Mayor and council appear to have discussed plan extensively behind closed doors at July 18 city council meeting
After two rounds of discussion on the part of Marion’s mayor and city council members, a proposed raise for City Clerk Laura Hinton appears to have stalled. The final item on the council’s agenda for its Monday night, July 18 meeting was titled “Increase proposal.” Before taking the item up, the council withdrew into an extended executive session. Alabama’s open meetings law allows for a city council to discuss certain topics— including the good name and character of an individual or pending legal matters with the city attorney—behind closed doors in an executive session.
The session lasted nearly an hour before the council returned to the table. That night, Mayor Dexter Hinton asked the council for a motion to “approve the financial proposal.”
When no motion appeared forthcoming, Hinton asked the council if there were any questions about the proposal before making the motion himself.
“The motion’s still there,” he said. No council member offered a second, and Hinton declared the motion dead. He asked the council to take up the proposal in a work session the following Monday, July 25.
In the work session Monday night, the mayor and council further discussed the increase proposal. This was the first time the governing body had publicly acknowledged what the proposal actually entailed— a salary increase of around $17,000 for City Clerk Laura Hinton.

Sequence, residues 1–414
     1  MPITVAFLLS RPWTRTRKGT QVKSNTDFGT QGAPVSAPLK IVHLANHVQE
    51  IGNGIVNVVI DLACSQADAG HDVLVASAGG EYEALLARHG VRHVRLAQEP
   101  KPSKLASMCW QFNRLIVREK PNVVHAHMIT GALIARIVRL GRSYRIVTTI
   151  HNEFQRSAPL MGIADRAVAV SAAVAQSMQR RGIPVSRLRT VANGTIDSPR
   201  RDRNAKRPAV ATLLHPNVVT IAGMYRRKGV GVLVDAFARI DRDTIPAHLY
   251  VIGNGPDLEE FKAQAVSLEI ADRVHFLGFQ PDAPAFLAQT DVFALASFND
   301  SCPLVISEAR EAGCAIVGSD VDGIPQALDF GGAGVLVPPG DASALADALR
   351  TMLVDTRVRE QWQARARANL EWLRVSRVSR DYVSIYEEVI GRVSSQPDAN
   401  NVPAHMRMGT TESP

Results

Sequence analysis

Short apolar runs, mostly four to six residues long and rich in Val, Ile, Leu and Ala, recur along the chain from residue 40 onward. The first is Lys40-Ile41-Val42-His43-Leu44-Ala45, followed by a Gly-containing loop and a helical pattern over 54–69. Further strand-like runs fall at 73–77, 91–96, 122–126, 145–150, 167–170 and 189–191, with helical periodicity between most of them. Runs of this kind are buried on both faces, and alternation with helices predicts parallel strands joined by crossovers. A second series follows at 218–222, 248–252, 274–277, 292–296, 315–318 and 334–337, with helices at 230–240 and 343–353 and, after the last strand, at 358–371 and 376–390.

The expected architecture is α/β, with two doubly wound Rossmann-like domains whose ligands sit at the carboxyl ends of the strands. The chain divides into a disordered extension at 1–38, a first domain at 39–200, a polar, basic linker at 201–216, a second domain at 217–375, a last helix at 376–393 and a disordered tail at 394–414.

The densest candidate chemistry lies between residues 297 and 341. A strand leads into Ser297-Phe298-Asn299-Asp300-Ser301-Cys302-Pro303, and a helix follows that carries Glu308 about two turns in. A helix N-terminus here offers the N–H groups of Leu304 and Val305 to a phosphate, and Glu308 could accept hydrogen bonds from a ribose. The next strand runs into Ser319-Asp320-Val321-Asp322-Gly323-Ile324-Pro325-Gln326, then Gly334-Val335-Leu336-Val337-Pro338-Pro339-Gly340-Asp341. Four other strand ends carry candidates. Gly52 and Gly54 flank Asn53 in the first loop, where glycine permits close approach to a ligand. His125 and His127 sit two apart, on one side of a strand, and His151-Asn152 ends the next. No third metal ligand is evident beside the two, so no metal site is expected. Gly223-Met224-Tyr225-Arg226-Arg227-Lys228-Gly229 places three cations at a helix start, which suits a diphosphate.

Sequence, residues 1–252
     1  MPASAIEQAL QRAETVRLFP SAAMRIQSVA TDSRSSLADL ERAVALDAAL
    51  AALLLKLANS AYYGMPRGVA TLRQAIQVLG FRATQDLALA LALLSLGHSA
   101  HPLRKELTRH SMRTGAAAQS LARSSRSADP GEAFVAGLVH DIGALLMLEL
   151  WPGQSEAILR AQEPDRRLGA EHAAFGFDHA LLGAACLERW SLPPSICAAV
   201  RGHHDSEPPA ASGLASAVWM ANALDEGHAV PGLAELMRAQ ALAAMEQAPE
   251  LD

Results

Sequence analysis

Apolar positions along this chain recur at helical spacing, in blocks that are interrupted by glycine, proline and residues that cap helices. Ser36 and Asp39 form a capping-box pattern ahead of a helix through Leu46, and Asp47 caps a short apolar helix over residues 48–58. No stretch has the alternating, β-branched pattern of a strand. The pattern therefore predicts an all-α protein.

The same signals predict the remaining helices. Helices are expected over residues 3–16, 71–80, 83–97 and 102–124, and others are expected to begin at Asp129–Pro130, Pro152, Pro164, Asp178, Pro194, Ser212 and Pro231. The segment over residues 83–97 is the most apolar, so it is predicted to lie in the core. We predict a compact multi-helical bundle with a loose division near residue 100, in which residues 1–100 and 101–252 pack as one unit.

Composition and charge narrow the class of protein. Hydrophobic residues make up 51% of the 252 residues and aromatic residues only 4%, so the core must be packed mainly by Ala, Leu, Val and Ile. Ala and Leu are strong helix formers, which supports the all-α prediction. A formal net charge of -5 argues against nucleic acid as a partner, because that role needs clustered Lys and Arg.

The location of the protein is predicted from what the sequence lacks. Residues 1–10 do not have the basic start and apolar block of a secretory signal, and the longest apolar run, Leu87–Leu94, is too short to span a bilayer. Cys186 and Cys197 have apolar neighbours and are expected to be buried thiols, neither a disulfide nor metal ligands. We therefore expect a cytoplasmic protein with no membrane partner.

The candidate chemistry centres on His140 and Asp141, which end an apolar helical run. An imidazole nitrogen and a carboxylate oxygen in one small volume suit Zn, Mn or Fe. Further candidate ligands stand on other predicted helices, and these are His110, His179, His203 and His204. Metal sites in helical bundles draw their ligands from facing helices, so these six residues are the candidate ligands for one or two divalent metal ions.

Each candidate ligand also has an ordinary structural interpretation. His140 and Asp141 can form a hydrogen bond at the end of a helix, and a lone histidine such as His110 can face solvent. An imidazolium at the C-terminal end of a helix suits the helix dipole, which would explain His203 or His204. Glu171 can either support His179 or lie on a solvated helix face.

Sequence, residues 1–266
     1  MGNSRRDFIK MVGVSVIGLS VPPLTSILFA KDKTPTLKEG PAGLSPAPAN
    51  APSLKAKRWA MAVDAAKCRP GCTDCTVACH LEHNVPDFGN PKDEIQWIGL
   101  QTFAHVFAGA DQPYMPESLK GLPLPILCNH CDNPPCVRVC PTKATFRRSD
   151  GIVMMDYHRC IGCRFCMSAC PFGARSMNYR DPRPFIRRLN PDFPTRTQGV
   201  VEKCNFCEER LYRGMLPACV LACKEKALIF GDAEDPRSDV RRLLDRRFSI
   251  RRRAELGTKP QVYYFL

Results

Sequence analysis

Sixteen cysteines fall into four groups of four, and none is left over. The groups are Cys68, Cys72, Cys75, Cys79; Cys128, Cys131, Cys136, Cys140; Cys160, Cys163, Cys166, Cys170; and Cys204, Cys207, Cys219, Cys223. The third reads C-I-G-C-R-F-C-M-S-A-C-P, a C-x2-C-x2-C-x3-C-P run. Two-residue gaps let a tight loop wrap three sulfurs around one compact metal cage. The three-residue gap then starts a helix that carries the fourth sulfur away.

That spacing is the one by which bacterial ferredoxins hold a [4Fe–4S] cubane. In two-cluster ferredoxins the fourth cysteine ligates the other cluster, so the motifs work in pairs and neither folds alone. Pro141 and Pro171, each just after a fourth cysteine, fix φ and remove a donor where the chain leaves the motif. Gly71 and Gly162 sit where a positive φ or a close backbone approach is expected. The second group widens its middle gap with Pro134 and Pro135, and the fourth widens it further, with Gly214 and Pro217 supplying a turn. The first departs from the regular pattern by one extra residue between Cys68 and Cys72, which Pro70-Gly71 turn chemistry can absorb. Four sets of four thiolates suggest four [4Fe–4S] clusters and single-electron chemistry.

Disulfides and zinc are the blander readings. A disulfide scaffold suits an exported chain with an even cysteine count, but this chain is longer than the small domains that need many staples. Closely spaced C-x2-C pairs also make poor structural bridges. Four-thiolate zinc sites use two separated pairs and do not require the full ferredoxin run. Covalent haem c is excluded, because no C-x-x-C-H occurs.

The city currently pays Hinton $48,000 a year as salary for the position. The proposal would have increased that to $65,000 a year.
City Council member Joe Pearson said he was opposed to the increase. “I think she’s more than well-compensated now,” he said.
Hinton offered the council a data sheet he had compiled, listing salaries and positions he said other comparable cities maintained.
Some cities of similar size to Marion, he said, would employ a clerk as well as a Human Resources director, assistant clerk, and additional employees to do jobs he said Laura Hinton was doing now.
In a sense, Mayor Hinton said, the council could either increase the clerk’s compensation in light of the many hats the position is required to wear, or it could explore hiring additional employees in city hall to help take some of the load off of the clerk.
Mayor Hinton said that, because of the additional grants the city would receive due to the clerk’s work, the city would not have to pay for the salary increase out of taxpayer funds.
“The [grant] management funds would keep the taxpayers from paying,” he said.
The proposal found little support among the council, which has often grappled with tight city finances over the past year and a half. Hinton reiterated his reasoning for the proposed increase, but still found no support among the council members.
“Are we going to talk about this every week?” said Pearson. “I’m tired of you holding us hostage as a city for this.”
Council member Jeff Nail, following the work session this week, said the city’s employees did deserve a raise, in light of inflation.
“But raises should be done in a systematic way. The city should have a uniform salary schedule for its employees rather than giving raises piecemeal,” he said.
Nail said he felt the proposal as presented didn’t include adequate financial information for the council to make an informed decision.